Economic impact of big-game hunting resonates through Montana
Travel to any small town in Montana elk country in the middle of November and you can see just how important big game hunting is to the Montana economy.
From the “Welcome Hunter” banners hanging on the front of local taverns, gas stations and restaurants, to the “No Vacancy” signs at local motels, big game hunters, both resident and non-resident, are key to Montana’s economy.
In a Montana Fish, Wildlife and Parks Department release Monday, Feb. 6, the agency said studies show that elk, deer and antelope hunters combined spent an estimated $324 million in Montana in 2016. That money supports more than 3,300 jobs.
In 2016, resident hunters spent nearly 973,000 days pursuing deer, about 902,000 days hunting elk and about 51,000 days chasing antelope. Non-resident hunters spent nearly 165,000 days hunting deer, nearly 147,000 days hunting elk and about 7,000 days chasing antelope.
According to data collected and analyzed by Montana Fish, Wildlife and Parks the average resident deer hunter spends about $72.48 per day, compared to the average non-resident deer hunter who spends about $483.55 per day. For elk hunters, the daily expenditures are a bit more — $87 for residents and $582.07 for nonresidents. Antelope hunters spend even more per day — $103.30 for residents and $661.04 for nonresidents.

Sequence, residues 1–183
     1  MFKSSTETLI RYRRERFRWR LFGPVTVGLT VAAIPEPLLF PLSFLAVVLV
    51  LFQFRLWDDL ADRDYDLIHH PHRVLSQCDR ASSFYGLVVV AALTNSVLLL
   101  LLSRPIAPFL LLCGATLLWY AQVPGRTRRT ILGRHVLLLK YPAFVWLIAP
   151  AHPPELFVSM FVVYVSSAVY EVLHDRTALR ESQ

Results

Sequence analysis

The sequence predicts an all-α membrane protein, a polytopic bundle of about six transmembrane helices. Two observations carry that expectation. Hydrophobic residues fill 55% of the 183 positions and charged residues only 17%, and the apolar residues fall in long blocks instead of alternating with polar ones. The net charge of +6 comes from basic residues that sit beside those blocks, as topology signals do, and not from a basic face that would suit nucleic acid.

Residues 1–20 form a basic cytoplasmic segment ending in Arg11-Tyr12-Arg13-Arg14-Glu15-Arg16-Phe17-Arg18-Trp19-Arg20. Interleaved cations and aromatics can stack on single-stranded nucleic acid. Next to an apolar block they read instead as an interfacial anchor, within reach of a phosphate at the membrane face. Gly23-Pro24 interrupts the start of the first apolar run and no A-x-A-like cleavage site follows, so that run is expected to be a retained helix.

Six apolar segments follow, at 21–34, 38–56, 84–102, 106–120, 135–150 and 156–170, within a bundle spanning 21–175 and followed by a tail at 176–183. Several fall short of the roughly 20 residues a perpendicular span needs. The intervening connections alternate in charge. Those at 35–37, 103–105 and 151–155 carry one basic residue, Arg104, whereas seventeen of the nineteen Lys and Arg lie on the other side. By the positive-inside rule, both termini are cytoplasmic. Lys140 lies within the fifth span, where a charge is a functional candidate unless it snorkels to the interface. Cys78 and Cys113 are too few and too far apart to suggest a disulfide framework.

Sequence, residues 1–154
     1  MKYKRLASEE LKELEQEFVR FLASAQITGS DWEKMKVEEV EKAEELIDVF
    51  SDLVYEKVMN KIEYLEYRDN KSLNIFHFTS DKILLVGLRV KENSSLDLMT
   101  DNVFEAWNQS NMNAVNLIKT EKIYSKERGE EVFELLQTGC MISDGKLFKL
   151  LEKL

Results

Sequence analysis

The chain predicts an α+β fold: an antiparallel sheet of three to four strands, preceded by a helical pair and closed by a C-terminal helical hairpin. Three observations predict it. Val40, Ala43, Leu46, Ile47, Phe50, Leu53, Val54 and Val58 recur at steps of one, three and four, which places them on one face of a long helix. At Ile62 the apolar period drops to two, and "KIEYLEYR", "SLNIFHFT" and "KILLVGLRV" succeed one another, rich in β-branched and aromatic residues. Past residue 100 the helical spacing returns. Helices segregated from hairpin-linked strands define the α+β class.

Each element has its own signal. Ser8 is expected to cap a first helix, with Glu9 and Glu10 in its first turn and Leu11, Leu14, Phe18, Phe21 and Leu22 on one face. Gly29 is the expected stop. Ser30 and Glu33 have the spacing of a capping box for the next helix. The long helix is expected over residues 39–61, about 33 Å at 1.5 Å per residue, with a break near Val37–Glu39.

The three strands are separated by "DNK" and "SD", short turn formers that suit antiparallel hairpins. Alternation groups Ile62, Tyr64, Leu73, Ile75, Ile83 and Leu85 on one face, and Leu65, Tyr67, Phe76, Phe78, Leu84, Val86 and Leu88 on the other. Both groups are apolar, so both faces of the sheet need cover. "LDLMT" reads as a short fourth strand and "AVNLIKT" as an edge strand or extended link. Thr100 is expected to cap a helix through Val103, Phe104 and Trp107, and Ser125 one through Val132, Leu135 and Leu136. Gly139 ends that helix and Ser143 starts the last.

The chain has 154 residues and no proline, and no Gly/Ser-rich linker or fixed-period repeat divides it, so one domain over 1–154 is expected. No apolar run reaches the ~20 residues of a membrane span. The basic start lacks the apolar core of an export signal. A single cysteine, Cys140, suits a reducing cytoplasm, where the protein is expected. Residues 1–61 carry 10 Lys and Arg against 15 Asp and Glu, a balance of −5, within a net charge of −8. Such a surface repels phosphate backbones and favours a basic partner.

FWP recently produced an interactive story map to better illustrate this information. The story map allows people to see the information at a county-by-county level, or even by a hunting district-by-hunting district level.
To see the story map, go to FWP’s map resource page at mtfwp.maps.arcgis.com and click on “The Economics of Big Game Hunting in Montana.”